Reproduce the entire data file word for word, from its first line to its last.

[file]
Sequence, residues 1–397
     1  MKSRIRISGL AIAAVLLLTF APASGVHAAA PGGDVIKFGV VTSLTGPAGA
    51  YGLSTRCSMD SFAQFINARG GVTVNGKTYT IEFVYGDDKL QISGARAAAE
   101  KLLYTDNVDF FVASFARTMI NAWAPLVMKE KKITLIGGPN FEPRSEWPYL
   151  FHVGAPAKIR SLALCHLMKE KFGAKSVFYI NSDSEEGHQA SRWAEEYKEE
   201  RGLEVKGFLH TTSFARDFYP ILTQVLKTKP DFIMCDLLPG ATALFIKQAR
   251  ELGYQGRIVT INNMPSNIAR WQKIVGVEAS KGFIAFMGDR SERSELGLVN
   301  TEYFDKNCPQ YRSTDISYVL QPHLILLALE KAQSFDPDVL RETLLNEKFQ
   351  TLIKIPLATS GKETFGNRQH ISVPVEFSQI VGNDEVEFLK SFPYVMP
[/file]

Sequence, residues 1–397
     1  MKSRIRISGL AIAAVLLLTF APASGVHAAA PGGDVIKFGV VTSLTGPAGA
    51  YGLSTRCSMD SFAQFINARG GVTVNGKTYT IEFVYGDDKL QISGARAAAE
   101  KLLYTDNVDF FVASFARTMI NAWAPLVMKE KKITLIGGPN FEPRSEWPYL
   151  FHVGAPAKIR SLALCHLMKE KFGAKSVFYI NSDSEEGHQA SRWAEEYKEE
   201  RGLEVKGFLH TTSFARDFYP ILTQVLKTKP DFIMCDLLPG ATALFIKQAR
   251  ELGYQGRIVT INNMPSNIAR WQKIVGVEAS KGFIAFMGDR SERSELGLVN
   301  TEYFDKNCPQ YRSTDISYVL QPHLILLALE KAQSFDPDVL RETLLNEKFQ
   351  TLIKIPLATS GKETFGNRQH ISVPVEFSQI VGNDEVEFLK SFPYVMP